But Lantigua’s supporters point to his advocacy on behalf of immigrants and blue-collar workers in Lawrence — as a community organizer, during his eight years in the State House, and when he was mayor. They downplay the scandals that plagued his administration, saying he was a victim of political retaliation and media bias.
Three members of his administration and campaign team were indicted for bribery and stealing city resources, but only one of them went to jail, they argue. Lantigua’s chief of staff, Leonard Degnan, was convicted of pressuring a city vendor to donate a garbage truck to a community in Lantigua’s native Dominican Republic. Lantigua was never indicted. He was called to testify at Degnan’s trial but asserted his Fifth Amendment rights and refused to answer questions.
He faced lesser scandals, as well, such as the disclosure that his then-girlfriend, a City Hall secretary, was receiving federal heating subsidies while the two lived together, leading to questions of whether the mayor was cheating taxpayer-funded assistance programs.
They later married, though he has said they are divorcing. He returned from the Dominican Republic recently with his fifth child and a new, decades-younger fiancee, who would be his fourth wife, though it is not clear if he is already divorced.
Also during Lantigua’s administration, the state appointed a financial overseer to help the city bail out of a $27 million operating budget deficit that he inherited. The state also took over the city’s school system and Lantigua was forced to lay off firefighters and police officers — after giving them raises.
But by the end of Lantigua’s administration, the city began to see budget surpluses, his supporters argue.
In a more recent controversy, the Eagle-Tribune newspaper reported earlier this month that the state has seized more than $17,000 of Lantigua’s campaign money because he failed to file finance reports due back as far as 2015. Earlier this year, Lantigua had to vacate his downtown campaign headquarters under questionable circumstances, though he told local reporters that the space was no longer available.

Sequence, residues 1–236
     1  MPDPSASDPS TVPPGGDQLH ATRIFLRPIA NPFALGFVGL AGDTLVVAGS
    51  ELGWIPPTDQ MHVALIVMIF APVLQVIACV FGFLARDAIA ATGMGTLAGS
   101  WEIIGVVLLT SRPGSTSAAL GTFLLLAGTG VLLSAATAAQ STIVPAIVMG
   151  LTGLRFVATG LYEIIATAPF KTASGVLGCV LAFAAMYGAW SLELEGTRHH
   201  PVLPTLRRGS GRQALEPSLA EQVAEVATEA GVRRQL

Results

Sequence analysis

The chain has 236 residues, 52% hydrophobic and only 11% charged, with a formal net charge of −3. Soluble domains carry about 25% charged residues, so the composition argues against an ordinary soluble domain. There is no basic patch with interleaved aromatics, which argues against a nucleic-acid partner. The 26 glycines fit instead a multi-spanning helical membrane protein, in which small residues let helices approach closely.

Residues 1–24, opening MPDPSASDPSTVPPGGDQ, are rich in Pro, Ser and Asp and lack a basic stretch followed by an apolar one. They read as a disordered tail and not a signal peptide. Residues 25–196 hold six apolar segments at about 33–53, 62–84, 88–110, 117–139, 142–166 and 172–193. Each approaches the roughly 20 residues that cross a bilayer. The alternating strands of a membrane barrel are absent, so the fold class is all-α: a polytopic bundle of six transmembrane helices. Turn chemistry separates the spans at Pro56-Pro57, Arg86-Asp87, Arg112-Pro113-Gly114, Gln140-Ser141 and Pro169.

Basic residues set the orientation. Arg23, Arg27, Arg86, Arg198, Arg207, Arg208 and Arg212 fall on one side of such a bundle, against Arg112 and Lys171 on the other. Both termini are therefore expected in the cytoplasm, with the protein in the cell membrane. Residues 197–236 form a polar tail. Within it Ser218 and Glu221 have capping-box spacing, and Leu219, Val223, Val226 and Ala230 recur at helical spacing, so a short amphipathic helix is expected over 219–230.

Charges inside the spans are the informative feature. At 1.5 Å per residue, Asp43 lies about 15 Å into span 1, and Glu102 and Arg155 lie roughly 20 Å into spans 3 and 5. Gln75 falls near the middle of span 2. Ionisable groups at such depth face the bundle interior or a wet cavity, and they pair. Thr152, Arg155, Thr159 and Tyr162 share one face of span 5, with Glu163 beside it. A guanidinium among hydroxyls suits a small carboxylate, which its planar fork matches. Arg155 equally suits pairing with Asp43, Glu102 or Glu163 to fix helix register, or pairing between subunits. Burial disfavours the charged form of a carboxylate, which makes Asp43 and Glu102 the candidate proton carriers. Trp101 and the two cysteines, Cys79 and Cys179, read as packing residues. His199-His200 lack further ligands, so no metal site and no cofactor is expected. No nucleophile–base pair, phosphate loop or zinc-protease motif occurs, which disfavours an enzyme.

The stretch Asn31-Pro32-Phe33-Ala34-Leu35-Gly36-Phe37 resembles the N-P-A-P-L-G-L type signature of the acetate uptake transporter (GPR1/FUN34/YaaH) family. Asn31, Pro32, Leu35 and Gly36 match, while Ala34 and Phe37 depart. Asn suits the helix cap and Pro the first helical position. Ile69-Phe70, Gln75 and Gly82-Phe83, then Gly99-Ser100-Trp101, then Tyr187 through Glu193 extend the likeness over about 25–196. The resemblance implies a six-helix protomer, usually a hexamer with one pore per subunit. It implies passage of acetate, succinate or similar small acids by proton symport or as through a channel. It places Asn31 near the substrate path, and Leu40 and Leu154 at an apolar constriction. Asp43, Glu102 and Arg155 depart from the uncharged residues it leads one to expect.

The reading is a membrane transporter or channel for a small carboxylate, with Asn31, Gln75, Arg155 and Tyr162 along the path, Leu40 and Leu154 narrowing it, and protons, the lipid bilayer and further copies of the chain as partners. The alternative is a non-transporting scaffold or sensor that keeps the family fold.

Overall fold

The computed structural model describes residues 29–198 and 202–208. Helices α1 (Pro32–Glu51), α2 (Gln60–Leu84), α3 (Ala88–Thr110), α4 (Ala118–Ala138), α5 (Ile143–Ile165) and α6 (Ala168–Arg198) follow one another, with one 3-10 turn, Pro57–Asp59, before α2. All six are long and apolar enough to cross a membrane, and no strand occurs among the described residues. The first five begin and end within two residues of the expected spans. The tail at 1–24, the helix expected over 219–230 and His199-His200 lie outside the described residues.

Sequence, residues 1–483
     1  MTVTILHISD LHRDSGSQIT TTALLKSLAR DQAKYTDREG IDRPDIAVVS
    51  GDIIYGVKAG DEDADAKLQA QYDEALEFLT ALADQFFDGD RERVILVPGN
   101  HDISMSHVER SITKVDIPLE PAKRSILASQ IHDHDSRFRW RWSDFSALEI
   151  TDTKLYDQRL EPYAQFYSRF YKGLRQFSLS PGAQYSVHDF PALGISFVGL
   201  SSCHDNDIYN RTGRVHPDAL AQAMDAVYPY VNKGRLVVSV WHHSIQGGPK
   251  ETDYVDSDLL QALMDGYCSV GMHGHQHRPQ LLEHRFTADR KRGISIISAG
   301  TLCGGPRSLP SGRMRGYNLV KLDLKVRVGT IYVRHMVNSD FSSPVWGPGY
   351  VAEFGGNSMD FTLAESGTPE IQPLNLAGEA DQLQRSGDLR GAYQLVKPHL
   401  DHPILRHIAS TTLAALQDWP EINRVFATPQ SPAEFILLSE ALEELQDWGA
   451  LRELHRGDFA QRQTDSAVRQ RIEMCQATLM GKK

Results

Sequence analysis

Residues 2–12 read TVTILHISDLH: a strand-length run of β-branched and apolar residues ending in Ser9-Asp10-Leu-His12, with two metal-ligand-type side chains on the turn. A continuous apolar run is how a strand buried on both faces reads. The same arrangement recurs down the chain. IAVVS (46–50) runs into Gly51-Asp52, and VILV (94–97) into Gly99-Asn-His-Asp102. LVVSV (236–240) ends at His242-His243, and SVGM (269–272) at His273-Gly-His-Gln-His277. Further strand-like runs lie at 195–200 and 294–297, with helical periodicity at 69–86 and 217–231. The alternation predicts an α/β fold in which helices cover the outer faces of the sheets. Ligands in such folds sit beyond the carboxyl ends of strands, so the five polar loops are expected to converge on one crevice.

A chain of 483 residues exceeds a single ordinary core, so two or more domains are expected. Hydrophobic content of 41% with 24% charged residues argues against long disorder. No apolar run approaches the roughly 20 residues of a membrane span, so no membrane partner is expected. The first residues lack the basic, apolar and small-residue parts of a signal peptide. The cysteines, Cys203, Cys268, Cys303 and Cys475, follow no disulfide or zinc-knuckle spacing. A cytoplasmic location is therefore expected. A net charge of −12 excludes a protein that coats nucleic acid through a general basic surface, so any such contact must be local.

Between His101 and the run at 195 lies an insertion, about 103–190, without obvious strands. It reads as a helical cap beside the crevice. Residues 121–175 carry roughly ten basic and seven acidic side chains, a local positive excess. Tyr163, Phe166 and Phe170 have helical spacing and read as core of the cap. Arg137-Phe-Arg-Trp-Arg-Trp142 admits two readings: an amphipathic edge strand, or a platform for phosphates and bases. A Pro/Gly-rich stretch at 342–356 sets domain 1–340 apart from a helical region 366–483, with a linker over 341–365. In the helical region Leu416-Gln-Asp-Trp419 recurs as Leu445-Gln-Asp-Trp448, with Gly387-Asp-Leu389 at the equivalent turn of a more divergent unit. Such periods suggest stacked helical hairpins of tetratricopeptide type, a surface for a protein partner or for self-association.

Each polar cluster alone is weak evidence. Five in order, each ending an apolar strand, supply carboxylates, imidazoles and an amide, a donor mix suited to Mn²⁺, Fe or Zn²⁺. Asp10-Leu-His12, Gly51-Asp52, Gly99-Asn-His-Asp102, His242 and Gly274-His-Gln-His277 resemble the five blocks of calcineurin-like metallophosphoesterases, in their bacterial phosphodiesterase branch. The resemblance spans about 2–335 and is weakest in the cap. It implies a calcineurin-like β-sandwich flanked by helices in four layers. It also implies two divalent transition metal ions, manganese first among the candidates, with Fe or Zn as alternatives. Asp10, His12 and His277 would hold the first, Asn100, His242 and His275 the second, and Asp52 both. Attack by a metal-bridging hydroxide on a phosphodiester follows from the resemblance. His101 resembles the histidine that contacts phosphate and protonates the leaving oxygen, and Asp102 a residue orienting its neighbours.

Dalia Diaz, who publishes a local bilingual newspaper, Rumbo, has written opinion articles critical of Rivera, ranging from the city’s sale of land to a city councilor, to Rivera’s lack of fluency in Spanish and what she describes as his unlawful enforcement of parking regulations.
As a columnist, Diaz said, she was equally tough on Lantigua, though she said she also recognized the work he has done for the community, including when he advocated on behalf of taxi drivers two decades ago.
“Lantigua was a born leader — that’s why he won the affection of the public,” she said.
In an interview at his campaign headquarters on Essex Street earlier this month, Rivera did not deny any missteps early in his administration, such as poor hiring decisions.
The firefighters have endorsed Lantigua, and the police officers voted no-confidence in Rivera, though he argues it’s because they still don’t have a contract.
The schools? They are still under state control, but he doesn’t think the state would be willing to give control back to Lawrence under a Lantigua administration.
Governor Charlie Baker, a Republican, sent out robo-calls in support of Rivera, a Democrat, days before the preliminary election, and they appeared at a press conference Thursday announcing a new grant.
Rivera acknowledged that his toughest work as mayor — and the target of most of the criticism sent his way — has been responding to the city’s violence, specifically the killings of teenagers. He said he recognizes that he will have opponents, just like he recognizes there will be people who support Lantigua, simply because he is Willie Lantigua.
“He’s like their Robin Hood,” Rivera said, though he added, “except he didn’t give back to the poor.”Milton J. Valencia can be reached at firstname.lastname@example.org. Follow him on Twitter @miltonvalencia.